Becoming increasingly popular for road trips is renting a car from any one of a number of car rental companies that offer discounted weekend rates. Starting at $9.99 per day, Enterprise offers a weekend special that includes an Economy or Compact car rented on Friday and ending the following Monday that includes 100 miles per day.
Hertz has a similar deal for $14.99 when the vehicle is picked up on Thursday and returned on Sunday with unlimited miles.
Google Field Trip
Location-based apps can be helpful in a number of ways. HipGeo, LiveTrekker and other GPS-fired renditions can almost automatically produce a travel journal, tagging our photos, video and more without a lot of work. At the end of a trip, just a little editing can produce an accurate depiction of where we go plus what we see and do.
Google Field Trip’s value is simple. Using that same location-based technology, it runs in the background on your android (initially) and iPhone (new) smartphone then directly taps Google’s rich content, automatically popping up a card with details about the location.
Nice for road trips, settings allow audible notification, speaking the name of places only or the title and description. Better yet, a choice of allowing audio all the time or selecting when “headset is connected,” “bluetooth headset or audio is connected” or “device is docked” are available as well as “disable when driving.”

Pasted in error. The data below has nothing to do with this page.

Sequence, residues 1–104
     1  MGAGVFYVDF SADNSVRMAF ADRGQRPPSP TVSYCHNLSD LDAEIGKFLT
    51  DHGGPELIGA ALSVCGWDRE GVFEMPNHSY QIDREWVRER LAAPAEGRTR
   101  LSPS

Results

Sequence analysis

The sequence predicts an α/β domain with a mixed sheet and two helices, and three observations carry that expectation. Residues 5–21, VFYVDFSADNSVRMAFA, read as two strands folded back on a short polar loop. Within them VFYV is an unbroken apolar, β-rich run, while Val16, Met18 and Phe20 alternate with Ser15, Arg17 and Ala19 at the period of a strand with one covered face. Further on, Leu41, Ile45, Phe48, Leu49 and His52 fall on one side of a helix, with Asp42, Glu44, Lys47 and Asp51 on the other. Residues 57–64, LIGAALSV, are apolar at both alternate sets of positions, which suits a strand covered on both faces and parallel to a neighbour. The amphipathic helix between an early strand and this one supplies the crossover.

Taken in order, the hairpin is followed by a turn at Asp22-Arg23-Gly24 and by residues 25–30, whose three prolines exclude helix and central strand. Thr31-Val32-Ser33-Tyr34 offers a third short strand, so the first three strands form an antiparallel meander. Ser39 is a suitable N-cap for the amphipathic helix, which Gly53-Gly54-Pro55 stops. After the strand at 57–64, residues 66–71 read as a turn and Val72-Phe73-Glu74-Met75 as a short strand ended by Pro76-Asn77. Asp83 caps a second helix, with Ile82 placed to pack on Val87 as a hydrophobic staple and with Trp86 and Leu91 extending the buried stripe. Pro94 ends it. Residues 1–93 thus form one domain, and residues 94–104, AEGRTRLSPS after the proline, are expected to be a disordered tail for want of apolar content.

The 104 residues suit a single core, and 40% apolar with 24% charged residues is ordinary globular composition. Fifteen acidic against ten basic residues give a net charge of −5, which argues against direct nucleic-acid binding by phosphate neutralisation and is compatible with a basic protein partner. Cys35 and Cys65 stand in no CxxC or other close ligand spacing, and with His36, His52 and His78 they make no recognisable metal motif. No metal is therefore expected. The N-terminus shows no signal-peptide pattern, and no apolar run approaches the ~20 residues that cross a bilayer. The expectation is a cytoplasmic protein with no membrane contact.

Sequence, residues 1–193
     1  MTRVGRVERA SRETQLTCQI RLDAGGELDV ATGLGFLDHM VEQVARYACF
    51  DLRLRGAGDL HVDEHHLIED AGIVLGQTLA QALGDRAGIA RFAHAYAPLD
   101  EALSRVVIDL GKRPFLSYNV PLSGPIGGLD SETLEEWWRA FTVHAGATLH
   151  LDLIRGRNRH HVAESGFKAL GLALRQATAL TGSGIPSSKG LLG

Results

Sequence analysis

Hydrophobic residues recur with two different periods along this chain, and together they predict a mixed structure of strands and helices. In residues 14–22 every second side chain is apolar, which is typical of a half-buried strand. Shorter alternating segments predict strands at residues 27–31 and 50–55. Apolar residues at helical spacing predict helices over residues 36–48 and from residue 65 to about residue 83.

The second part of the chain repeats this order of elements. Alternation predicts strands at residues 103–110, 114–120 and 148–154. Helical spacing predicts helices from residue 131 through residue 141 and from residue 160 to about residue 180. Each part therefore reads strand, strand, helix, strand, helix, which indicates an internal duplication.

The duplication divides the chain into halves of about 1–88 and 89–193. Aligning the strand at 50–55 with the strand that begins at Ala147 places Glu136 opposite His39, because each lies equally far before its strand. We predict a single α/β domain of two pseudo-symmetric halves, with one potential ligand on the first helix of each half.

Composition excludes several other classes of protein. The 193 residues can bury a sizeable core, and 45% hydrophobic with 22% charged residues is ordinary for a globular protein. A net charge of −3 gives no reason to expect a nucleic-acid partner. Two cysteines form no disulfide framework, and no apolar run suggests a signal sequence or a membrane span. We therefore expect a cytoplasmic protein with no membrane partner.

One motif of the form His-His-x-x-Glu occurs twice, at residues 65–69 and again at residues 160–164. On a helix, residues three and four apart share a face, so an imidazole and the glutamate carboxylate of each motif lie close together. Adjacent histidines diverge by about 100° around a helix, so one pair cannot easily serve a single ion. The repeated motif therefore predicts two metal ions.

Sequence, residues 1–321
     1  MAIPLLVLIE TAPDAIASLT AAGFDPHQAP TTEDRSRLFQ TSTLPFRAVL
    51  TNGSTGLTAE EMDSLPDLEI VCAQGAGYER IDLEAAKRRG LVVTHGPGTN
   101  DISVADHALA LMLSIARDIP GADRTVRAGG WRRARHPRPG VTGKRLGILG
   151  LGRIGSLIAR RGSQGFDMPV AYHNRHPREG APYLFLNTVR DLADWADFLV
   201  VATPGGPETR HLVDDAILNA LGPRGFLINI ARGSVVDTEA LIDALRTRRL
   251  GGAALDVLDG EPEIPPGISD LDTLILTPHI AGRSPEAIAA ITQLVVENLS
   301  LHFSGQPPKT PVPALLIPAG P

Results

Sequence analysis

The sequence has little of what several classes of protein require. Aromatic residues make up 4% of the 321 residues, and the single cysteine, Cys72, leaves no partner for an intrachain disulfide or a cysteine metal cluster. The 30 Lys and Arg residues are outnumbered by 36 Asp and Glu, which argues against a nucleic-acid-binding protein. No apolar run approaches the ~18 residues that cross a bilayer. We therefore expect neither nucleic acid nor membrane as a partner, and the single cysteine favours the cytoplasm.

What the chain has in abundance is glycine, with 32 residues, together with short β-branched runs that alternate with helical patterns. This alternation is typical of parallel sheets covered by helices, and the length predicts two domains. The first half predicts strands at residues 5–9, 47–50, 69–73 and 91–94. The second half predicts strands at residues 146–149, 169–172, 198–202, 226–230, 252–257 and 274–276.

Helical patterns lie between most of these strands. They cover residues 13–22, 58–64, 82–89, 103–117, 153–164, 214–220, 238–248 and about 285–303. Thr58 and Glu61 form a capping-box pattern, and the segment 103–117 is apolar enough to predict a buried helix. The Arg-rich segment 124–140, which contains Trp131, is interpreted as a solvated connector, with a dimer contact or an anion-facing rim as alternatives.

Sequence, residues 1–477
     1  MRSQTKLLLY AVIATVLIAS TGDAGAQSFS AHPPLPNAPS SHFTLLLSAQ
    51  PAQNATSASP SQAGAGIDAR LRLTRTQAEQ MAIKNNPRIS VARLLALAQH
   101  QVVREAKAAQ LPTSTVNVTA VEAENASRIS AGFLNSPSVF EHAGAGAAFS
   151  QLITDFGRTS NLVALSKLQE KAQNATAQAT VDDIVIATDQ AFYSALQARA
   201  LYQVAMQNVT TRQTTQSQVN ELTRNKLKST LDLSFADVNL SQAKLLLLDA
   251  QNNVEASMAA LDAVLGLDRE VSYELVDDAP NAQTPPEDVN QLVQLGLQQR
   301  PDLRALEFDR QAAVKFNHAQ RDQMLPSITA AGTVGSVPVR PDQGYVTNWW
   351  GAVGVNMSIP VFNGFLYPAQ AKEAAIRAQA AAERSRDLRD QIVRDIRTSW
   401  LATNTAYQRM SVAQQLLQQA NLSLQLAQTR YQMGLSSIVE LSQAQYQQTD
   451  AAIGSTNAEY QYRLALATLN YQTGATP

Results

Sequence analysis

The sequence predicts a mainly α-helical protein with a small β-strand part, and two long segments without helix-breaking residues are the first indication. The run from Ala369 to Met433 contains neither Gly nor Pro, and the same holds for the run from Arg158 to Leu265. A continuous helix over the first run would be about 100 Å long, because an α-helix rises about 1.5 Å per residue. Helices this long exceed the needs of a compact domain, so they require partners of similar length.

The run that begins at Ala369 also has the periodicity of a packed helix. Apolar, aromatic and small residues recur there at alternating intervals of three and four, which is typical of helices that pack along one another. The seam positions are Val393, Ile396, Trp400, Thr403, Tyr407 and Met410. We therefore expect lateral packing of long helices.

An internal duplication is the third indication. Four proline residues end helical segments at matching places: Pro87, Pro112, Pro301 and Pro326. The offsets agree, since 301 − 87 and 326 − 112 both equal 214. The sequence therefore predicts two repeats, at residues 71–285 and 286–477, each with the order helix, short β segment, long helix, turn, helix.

Users can also select areas of interest like architecture, lifestyle, historic places and events, food and others.
All the GPS In One Place
Back to Hertz we go for something entirely different and not on the market last year. Their new NeverLost GPS option promises the best of mobile technologies and traditional GPS devices to help plan and navigate road trips.
Hertz told Gadling that their NeverLost system “eliminates the need (and risk) of juggling a cellphone to get directions and find destinations while driving, allowing users to manage their entire trip at the push of a button,” in an email. That claim looks to be true and NeverLost does include some unique features we look to see in other auto-based GPS in-dash systems.
A unique feature is being able to access the program on a phone or computer to remotely enter destination addresses, rather than sitting in the car to add them before hitting the road.
Synced with their My Explore App for iPhone and android, NeverLost has an itinerary planner, suggested sights and events in the area and even (you guessed it) a social element (“hey you in the pickup, got your ears on?”).
Check this video for more on how nicely this one might fit into your spring road trip plans: